Eugene Jay Sheffer stands out not only for the length of his tenure, lasting nearly a quarter century, from 1942 to 1966, but for the vitality and visibility he brought to the Maison and the notable visitors he welcomed there. Sheffer was passionate about French culture. He had a winning personality—“la gentillesse faite homme,” according to France-Amérique—and became lifelong friends with a number of the visitors he welcomed to the Maison.
Sheffer first came to Columbia College as a freshman in 1922. Handicapped by a neurological disorder and unable to serve in World War II, he was appointed temporary director in 1942 and permanent director four years later. His tenure proved to be among the most interesting periods in the history of the Maison Française. He invited many of the eminent French literary figures of the time, including Jean-Paul Sartre, Albert Camus, Vercors, Simone de Beauvoir, Eugène Ionesco, Jules Romains, and Georges Simenon. Sheffer also welcomed celebrated performers, such as Louis Jouvet, Charles Boyer, Yves Montand, Simone Signoret, Maurice Chevalier, Jean-Louis Barrault, and Marcel Marceau.
One visitor stood out in particular in Sheffer’s memory, Edith Piaf, who made her first trip to New York in the fall of 1947 for her American debut. When she arrived, Piaf’s impresario, Clifford Fischer, called the Maison Française looking for a tutor to teach “this new French singer” some English. Sheffer jumped at the opportunity and gave the chanteuse two-hour lessons every afternoon for the next three weeks at her suite in the Hotel Ambassador. “My job was to try to get her to say little English résumés as introductions to her French repertoire,” he remembered. “Since she knew no English, the only way to make her repeat these little résumés that I wrote for her was to do it phonetically: she had to imitate me, much in the manner of a parrot.” He helped la môme practice singing “All Dressed Up and No Place to Go” in heavily accented English. After three weeks she was able to say, “Zees ees a song about a fille de joie.” On opening night at the Playhouse, where Piaf debuted with a group of nine French singers called Les Compagnons de la Chanson, Sheffer spotted Maurice Chevalier, Charles Trenet, and Robert Montgomery in the audience. Visiting her dressing room after the show, he met “a very glamorous and beautifully gowned” Marlene Dietrich, who towered over Piaf while congratulating the tiny chanteuse “in very good French.” Sheffer loved the show, but Piaf thought she had done miserably. “When I came on,” she later recalled, “I was wearing my usual little black dress with my mousy hair done up any old way, and my pale face. That was the first disappointment for the Yanks. To them, a star, especially one from Paris, ought to have the means to pay for feathers, sequins and furs. I don’t look anything like a glamour girl! When an American goes out at night, he wants to be entertained. He doesn’t come to a show to hear someone sing about having the blues or being poor. I’d never been in such despair. I’ve suffered when I’ve been in love, but no man ever hurt me like that.” The discouraged Piaf wanted to abandon the tour and pack her bags for Paris. But then a glowing review by music critic Virgil Thomson convinced her to try again at another venue, the Versailles, using a new approach: she would appear alone on stage and she would introduce the songs herself—in English.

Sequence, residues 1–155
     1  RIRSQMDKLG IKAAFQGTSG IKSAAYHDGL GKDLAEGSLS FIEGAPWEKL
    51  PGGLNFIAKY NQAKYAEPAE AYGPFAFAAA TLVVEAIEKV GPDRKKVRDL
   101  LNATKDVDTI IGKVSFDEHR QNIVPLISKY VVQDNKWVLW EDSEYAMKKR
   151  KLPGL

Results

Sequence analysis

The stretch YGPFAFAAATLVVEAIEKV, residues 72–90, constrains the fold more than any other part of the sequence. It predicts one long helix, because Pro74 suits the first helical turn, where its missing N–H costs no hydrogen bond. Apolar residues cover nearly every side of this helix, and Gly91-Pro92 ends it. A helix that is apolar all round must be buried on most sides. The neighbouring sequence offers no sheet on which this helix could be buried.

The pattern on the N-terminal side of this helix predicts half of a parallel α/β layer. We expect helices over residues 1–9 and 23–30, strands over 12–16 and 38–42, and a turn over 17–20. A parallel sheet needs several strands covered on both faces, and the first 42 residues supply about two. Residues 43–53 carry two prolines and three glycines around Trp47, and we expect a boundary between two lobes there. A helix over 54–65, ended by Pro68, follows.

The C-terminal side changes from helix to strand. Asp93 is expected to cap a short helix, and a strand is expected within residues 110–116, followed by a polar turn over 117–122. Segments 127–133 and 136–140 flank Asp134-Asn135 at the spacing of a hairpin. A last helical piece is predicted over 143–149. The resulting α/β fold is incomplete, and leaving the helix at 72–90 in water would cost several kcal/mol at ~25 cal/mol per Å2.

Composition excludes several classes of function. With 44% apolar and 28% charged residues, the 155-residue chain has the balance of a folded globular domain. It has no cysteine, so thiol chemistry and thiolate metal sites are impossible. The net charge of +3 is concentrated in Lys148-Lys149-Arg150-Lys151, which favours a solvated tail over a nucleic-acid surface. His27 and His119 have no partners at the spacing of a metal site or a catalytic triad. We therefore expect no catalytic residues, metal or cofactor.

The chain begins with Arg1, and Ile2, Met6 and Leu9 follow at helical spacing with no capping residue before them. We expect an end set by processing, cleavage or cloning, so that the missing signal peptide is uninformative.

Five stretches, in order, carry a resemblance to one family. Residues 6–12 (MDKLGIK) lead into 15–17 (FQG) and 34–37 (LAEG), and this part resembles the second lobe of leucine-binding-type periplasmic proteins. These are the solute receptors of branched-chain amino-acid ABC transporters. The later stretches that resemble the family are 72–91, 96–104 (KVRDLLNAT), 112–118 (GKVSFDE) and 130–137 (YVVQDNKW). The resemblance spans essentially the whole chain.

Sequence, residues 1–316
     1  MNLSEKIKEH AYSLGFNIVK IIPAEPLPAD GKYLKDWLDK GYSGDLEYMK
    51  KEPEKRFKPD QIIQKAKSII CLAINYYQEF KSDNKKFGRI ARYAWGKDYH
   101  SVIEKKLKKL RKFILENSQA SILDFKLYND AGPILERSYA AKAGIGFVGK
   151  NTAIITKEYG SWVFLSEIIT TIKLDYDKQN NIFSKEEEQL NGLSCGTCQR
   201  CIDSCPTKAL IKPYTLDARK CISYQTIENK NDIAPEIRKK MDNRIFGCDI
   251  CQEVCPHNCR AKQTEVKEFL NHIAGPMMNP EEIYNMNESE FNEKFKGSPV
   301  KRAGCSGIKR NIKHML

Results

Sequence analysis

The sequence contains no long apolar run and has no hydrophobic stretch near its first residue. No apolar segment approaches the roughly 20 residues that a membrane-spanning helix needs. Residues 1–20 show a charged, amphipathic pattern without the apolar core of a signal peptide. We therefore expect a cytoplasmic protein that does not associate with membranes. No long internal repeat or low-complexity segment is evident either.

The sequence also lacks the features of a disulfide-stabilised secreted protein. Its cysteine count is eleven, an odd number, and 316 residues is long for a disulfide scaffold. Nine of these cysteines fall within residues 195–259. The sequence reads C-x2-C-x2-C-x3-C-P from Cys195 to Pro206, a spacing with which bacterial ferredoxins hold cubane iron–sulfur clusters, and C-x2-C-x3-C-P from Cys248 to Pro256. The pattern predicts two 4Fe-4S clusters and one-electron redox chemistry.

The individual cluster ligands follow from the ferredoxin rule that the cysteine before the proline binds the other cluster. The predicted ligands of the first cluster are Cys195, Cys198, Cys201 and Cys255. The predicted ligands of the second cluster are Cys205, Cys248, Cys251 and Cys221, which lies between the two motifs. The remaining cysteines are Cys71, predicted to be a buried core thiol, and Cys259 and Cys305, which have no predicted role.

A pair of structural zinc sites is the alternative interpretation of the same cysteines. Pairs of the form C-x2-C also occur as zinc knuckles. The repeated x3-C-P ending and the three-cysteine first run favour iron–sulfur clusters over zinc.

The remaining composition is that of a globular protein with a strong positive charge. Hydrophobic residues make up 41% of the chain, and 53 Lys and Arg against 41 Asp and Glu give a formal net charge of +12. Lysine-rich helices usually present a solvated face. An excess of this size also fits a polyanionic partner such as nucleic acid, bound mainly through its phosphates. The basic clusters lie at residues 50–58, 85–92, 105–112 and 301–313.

Black-and-white photographs of Piaf’s 1947 visit to the Maison Française show her singing and smiling next to the piano, raising her arms expressively, and being surrounded by Sheffer and Les Compagnons de la Chanson. The chanteuse hit it off splendidly with her English tutor, and they became lifelong friends, visiting each other in Paris, Monaco, and New York.
Sheffer made many other friends in his time as director. Jack Kerouac mentions in his autobiography that he worked as Sheffer’s private secretary while he was a student at Columbia. Kerouac helped him edit, translate, and type up the manuscript for his French textbook, and also assisted him in defining words for the daily crossword puzzle that Sheffer published. Kerouac said the two became “fast friends.”
Sheffer also taught in the French Department and edited two books. Aspects de la guerre moderne sur terre, sur mer et dans les airs (1942) prepared students who were studying to become Naval officers. La République du Silence: The Story of French Resistance (1946), edited with New Yorker correspondent A. J. Liebling, was widely adopted for French classes at the college level.
Sheffer was named a Chevalier of the French Legion of Honor in 1960 for his activities “furthering Franco-American cultural relations.” In 2006, following the death of Ralph Sheffer, his brother and fellow Columbian, the Sheffer family made a $250,000 gift to endow a lecture series at the Maison Française named for its distinguished former director.